Date of Completion


Embargo Period



Dr. Inge-Marie Eigsti, Dr. John Salamone, Dr. Etan Markus, Dr. Heather Reed

Field of Study



Master of Arts

Open Access

Open Access


Autism Spectrum Disorder (ASD) is a heterogeneous neurodevelopmental disorder with core symptoms of atypical social interactions and repetitive behaviors. It has also been reported that individuals with ASD have difficulty with multisensory integration, and this may disrupt higher-order cognitive abilities such as learning and social communication. Impairments in the integration of sensory information could in turn reflect diminished cross-modal white matter connectivity. Moreover, the genetic contribution in ASD appears to be strong, with heritability estimates as high as 90%. However, no single gene has been identified, and over 100 risk genes have been reported. One of these genes -- contactin-associated-like-protein 2 (CNTNAP2) -- was first associated with Specific Language Impairment, and more recently has been linked to ASD. CNTNAP2 encodes a cell adhesion protein regulating synaptic signal transmission. To better understand the behavioral and biological underlying mechanisms of ASD, a transgenic mouse model was created with a genetic knockout (KO) of the rodent homolog Cntnap2. Initial studies of this mouse found poor social interactions, behavioral perseveration, and reduced vocalizations -- all strongly resembling the human symptoms. Cntnap2 KO mice also show abnormalities in myelin formation, consistent with a hypo-connectivity model of ASD. The current study was designed to further assess the behavioral phenotype of this mouse model, with a focus on learning and memory. Cntnap2 KO and wild-type mice were tested on a 4/8 radial arm water maze for 14 consecutive days. Average total, working memory, total reference memory, initial reference memory, repeated reference memory errors and average turn angle on the 4/8 radial arm maze were independently assessed using a 2 x 14 repeated measures ANOVA. Results showed that Cntnap2 KO mice exhibited significant deficits in working and reference memory during the acquisition period of the task. During the retention period (i.e., after an asymptote in errors), Cntnap2 KO mice performed comparably to wild-type mice. These findings suggest that CNTNAP2 may play an underlying role in the development of neural systems important to learning and cross-modal integration, and disruption of this function could be associated with delayed learning in ASD.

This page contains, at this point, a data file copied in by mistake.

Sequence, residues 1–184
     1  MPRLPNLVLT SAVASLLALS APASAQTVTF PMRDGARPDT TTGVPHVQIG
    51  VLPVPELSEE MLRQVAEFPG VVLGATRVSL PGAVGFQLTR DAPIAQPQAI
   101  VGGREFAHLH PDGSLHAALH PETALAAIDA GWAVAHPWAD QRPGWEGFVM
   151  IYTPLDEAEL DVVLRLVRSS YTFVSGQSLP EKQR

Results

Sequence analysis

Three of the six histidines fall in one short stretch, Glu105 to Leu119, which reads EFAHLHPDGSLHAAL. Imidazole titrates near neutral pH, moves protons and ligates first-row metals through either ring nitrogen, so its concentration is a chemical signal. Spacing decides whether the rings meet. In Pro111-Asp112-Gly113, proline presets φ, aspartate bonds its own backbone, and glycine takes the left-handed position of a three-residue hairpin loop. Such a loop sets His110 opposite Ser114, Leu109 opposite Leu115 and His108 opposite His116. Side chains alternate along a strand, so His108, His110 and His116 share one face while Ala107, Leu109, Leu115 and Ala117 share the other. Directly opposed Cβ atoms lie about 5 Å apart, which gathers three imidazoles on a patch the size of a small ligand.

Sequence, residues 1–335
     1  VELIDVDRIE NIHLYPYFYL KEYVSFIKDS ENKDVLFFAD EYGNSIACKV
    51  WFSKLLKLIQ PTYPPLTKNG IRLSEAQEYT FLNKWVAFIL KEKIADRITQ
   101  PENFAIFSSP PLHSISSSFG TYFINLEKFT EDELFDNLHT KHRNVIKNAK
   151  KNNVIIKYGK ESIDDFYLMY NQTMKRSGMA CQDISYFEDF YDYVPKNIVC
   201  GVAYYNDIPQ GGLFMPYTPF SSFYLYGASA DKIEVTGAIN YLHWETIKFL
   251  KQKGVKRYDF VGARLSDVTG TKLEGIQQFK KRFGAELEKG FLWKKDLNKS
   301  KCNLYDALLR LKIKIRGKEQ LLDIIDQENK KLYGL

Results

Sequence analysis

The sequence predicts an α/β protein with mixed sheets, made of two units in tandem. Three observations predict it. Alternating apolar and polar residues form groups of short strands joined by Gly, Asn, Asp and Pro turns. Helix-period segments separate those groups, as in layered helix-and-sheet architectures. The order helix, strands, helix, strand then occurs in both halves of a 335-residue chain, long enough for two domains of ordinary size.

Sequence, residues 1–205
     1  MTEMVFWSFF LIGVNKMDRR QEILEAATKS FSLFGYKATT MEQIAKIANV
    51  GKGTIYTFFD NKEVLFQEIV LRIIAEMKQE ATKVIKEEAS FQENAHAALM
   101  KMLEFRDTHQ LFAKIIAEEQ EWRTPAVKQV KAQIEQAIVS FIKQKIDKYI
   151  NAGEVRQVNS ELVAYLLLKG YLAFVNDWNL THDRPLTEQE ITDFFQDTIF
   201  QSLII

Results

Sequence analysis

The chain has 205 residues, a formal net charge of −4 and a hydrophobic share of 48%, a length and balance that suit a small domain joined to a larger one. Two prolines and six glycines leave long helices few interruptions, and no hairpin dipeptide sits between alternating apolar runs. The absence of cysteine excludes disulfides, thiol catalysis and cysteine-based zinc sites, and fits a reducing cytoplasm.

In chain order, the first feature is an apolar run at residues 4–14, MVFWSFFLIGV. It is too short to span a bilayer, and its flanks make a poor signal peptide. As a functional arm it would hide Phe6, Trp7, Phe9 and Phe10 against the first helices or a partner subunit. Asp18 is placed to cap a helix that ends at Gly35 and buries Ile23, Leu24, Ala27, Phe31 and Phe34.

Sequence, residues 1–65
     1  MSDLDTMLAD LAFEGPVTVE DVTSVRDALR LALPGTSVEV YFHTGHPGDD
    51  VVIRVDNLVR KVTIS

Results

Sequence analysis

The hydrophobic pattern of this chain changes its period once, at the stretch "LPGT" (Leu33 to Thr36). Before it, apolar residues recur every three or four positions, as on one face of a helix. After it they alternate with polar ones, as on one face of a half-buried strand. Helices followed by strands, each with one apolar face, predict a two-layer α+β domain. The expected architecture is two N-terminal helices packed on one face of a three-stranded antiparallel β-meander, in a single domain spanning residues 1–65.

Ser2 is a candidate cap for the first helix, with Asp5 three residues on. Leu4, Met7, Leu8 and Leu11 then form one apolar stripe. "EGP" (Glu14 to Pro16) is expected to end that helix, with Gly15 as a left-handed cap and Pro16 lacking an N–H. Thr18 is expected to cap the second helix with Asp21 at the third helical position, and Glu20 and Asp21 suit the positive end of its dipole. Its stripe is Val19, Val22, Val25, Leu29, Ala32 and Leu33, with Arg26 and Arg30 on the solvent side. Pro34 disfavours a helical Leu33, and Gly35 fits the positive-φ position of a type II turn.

Major Advisor

Dr. R Holly Fitch